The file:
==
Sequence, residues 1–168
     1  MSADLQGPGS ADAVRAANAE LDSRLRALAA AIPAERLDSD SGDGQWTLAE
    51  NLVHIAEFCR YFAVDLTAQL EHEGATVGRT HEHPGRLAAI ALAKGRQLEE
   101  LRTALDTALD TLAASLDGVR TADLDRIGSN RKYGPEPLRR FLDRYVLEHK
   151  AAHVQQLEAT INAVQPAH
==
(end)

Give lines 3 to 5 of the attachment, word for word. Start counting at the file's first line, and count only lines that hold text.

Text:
    51  NLVHIAEFCR YFAVDLTAQL EHEGATVGRT HEHPGRLAAI ALAKGRQLEE
   101  LRTALDTALD TLAASLDGVR TADLDRIGSN RKYGPEPLRR FLDRYVLEHK
   151  AAHVQQLEAT INAVQPAH